In Pictures: Hélène Berr Exhibit Opening

The Goethe-Zentrum Atlanta flung its doors open last week for its first major event of the year – the opening of our new exhibit ‘Hélène Berr: A Stolen Life.’

Hèlène Berr

Hèlène Berr

Around 130 people packed into the auditorium to hear speeches from dignitaries from around the world before taking a tour around the exhibit. All in all it was a fantastic event! If you were there maybe you can spot yourself on some of our pictures!

Hélène Berr was a French woman, born in Paris and of Jewish faith. She studied Russian and English literature and was also an active member of the ‘General Organization of Jews in France.’ Hélène began writing her diary on 7 April, 1942, documenting her life during the war and the anti-Semitism towards Jews. Along with her parents, she was captured on March 8, 1944 and taken to Drancy Internment camp before being moved to the Auschwitz concentration camp on 27 March, 1944. In November 1944, she was transferred to Bergen-Belsen concentration camp, where she died in April 1945, just 5 days before the liberation of the camp. The exhibition documents her life through her diaries.

The evening started when our Executive Director Miriam Bruns, joined forces with the Executive Director of or neighbors the Alliance Française, Hélène Couralt-Touré, to welcome the audience and introduce the exhibit and speakers.

First up was The Hon. Denis Barbet, the Consul General of France in Atlanta and The Hon. Christoph Sander, the Consul General of the Federal Republic of Germany in Atlanta who spoke about the importance of remembering the Holocaust and learning about young victims like Hélène Berr. With the event also commemorating the 51st anniversary of the Elyseé Treaty, both discussed the importance of maintaining the relationship between Germany and France and adhering to the framework of the Treaty.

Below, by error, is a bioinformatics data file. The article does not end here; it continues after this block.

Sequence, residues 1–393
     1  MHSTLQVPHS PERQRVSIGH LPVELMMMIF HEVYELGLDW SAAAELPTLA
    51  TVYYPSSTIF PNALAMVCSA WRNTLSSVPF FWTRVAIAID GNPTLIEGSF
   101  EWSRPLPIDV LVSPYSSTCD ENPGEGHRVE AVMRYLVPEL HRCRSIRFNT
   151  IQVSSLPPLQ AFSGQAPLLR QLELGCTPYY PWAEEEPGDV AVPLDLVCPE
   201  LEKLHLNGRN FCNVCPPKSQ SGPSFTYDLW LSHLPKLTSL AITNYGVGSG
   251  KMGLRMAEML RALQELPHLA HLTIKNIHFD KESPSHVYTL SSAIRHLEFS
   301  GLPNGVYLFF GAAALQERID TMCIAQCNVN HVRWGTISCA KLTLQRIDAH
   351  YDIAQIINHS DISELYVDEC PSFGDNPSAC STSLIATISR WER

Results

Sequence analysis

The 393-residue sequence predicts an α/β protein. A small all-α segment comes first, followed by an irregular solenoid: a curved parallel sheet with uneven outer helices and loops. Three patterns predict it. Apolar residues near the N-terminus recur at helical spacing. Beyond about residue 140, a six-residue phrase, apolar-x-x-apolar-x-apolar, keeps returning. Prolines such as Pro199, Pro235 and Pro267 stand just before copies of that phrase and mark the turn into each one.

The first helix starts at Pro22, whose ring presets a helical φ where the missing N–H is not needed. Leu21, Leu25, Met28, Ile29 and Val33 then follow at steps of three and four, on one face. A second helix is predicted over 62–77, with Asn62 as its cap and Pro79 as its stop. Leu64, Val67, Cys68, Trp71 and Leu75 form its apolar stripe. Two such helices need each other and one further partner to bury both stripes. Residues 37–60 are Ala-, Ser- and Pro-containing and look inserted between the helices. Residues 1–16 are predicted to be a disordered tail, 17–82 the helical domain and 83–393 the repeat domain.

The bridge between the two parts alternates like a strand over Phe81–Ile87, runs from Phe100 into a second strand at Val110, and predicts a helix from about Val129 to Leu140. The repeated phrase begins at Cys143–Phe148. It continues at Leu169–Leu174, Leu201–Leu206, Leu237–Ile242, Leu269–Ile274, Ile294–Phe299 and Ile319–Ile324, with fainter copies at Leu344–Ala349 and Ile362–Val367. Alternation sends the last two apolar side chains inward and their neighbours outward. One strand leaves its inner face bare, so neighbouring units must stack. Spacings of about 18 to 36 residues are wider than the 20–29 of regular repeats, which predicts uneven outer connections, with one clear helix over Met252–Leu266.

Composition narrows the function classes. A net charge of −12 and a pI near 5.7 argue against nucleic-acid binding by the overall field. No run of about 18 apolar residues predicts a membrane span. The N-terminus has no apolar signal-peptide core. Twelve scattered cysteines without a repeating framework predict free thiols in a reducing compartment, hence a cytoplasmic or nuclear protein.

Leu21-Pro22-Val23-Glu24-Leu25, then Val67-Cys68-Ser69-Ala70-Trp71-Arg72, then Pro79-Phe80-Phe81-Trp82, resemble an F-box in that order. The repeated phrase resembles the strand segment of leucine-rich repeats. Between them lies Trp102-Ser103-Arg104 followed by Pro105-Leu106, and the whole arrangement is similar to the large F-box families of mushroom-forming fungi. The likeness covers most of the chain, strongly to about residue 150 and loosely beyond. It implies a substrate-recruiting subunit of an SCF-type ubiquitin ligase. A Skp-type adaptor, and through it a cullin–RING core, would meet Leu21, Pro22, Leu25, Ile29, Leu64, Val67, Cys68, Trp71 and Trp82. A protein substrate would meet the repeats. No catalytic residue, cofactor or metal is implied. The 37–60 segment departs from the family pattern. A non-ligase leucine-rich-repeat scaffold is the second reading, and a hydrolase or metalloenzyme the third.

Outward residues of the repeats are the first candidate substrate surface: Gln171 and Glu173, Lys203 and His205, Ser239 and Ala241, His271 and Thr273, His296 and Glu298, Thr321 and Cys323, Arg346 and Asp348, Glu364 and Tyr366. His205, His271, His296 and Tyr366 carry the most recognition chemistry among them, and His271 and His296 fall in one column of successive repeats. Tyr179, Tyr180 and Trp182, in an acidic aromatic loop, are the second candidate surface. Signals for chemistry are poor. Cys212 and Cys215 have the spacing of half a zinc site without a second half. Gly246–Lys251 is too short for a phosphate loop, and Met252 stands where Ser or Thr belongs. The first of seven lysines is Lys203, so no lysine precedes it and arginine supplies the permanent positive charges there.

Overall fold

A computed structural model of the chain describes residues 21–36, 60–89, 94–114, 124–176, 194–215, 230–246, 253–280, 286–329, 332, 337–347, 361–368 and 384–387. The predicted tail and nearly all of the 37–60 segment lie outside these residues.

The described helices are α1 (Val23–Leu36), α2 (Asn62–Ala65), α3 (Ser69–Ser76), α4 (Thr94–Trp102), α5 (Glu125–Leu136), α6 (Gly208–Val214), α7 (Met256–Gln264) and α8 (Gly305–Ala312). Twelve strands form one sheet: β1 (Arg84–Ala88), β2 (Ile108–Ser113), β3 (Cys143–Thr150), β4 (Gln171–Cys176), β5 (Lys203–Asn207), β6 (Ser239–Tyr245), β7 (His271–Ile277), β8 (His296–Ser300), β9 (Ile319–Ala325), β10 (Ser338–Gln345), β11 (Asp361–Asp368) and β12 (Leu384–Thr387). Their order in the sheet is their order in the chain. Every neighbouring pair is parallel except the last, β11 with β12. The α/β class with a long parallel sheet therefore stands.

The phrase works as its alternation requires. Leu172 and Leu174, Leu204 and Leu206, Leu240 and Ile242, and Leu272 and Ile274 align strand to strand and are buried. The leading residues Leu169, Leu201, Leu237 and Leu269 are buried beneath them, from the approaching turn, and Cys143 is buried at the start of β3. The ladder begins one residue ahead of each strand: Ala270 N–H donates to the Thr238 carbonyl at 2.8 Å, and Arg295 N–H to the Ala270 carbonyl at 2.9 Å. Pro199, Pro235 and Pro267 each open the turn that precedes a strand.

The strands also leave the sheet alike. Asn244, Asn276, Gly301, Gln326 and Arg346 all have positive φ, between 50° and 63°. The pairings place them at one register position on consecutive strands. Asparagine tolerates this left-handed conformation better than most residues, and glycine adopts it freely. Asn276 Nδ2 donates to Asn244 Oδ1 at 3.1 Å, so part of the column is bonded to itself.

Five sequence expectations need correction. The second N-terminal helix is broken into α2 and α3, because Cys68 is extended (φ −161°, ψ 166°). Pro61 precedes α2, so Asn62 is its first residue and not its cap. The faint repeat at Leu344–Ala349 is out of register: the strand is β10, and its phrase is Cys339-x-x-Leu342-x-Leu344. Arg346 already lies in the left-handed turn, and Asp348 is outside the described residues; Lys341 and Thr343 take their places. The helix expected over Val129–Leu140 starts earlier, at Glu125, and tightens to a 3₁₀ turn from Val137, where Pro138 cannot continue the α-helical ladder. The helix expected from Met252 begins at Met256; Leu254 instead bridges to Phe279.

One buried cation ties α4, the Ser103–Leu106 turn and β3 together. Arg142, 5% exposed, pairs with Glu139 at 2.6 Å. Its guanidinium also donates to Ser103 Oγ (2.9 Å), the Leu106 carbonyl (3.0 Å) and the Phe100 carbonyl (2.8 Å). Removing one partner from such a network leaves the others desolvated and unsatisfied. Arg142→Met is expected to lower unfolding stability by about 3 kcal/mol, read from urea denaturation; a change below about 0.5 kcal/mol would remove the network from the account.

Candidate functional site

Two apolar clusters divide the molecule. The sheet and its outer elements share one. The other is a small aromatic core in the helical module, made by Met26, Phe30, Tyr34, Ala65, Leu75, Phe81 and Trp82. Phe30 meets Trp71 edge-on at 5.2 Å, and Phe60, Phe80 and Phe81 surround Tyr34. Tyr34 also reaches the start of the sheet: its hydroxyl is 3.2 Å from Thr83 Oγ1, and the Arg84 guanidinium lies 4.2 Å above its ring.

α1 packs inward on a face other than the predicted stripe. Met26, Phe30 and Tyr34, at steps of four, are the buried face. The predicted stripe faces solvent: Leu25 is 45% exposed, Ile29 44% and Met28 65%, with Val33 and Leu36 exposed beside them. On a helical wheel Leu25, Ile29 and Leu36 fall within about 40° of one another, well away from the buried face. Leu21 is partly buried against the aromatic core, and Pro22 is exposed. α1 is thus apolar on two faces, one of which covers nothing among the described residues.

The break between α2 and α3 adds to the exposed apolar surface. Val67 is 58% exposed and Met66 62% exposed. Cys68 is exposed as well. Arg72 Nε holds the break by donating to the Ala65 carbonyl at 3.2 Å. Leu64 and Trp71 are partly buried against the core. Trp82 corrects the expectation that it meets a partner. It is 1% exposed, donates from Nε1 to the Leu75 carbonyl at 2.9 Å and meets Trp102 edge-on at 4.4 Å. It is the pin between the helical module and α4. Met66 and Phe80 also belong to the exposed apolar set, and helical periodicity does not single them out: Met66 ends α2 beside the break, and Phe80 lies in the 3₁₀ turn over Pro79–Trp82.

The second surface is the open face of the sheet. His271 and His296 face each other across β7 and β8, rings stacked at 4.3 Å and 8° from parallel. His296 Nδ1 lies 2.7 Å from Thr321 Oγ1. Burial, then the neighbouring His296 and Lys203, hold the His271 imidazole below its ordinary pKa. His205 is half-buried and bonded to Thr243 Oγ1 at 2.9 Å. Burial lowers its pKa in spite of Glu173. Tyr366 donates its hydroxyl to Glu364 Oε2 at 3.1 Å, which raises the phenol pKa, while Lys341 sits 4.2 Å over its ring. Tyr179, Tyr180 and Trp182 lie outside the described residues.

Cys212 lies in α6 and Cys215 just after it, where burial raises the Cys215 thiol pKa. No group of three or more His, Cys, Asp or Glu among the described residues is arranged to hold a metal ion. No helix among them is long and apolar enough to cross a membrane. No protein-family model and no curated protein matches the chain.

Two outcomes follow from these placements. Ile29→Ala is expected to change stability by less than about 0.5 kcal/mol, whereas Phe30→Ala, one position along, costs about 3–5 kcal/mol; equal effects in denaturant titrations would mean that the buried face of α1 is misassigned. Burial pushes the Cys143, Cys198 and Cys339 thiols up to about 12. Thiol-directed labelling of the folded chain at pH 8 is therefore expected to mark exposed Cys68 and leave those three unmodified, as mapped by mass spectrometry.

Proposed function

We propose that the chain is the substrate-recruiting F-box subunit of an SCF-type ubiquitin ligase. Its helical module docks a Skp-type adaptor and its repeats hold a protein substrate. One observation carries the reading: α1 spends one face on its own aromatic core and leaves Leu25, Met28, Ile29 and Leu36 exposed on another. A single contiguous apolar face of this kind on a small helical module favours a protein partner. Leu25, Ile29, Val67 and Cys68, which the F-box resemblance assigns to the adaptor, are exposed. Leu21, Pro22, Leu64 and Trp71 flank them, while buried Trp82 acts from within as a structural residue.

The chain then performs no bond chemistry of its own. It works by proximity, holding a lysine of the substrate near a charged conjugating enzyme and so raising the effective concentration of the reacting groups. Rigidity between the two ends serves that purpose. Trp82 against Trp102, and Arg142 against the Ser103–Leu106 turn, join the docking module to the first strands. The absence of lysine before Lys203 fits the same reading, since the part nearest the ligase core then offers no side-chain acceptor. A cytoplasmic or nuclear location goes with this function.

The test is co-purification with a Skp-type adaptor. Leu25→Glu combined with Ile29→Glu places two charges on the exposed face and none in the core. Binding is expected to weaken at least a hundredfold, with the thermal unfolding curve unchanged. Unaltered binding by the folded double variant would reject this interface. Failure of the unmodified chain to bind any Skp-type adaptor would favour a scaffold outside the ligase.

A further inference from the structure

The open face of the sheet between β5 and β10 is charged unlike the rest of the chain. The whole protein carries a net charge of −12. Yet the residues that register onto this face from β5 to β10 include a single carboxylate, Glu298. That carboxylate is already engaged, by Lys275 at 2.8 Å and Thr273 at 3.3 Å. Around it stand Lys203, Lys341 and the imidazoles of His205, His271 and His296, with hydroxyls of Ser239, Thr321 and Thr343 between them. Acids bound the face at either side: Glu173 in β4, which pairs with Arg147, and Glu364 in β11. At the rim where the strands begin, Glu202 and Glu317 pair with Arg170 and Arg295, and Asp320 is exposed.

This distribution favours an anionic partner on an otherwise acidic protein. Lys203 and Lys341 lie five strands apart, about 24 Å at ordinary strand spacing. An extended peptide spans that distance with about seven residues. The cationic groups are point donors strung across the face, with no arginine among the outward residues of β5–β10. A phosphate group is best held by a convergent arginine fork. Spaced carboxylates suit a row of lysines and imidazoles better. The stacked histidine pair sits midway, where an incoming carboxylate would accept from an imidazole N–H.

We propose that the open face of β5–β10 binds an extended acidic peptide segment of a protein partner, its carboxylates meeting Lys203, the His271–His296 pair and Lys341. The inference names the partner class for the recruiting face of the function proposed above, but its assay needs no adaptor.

Next up was Sally N. Levine, Executive of the Georgia Commission on the Holocaust, who gave an incredible speech about the similarities and differences between Hélène Berr and Anne Frank. She shared the lives and diaries of both young women, going on to compare their lives – both had fathers who were successful businessmen, they both passed away at Bergen-Belsen, and, most importantly, they kept diaries documenting their experiences knowing others would read it. But, she pointed out, those were the only similarities between the two and their lives and experiences were very different. Hélène Berr was older, she studied at Sorbonne, and she had a Fiancé. Her family was captured and like Anne Frank, she was transported to concentration camps and eventually to Bergen-Belsen where her life would end. Berr wrote the diary hoping that her Fiancé would read it. Her diary was published much later than Anne Frank’s, this is because Hélène’s Fiancé kept the diary until 2002 when her niece decided to track him down to get it published, this finally took place in 2008. Ms. Levine also demonstrated the importance of the diaries to the lives and feelings of the Holocaust survivors.

Jacques Fredj of the Memorial de la Shoah also said a few words before both Miriam and Hélène invited guests to stay for a small reception and to walk through to exhibit which will be on display until March 15, 2014. So if you missed out on the event, there’s still time to check it out! And if you ask us, it’s well worth taking a look!

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Posted on January 28, 2014, in What's Happened? and tagged , , , , , , , , , , , , , , , , , , , , , , . Bookmark the permalink. 3 Comments.

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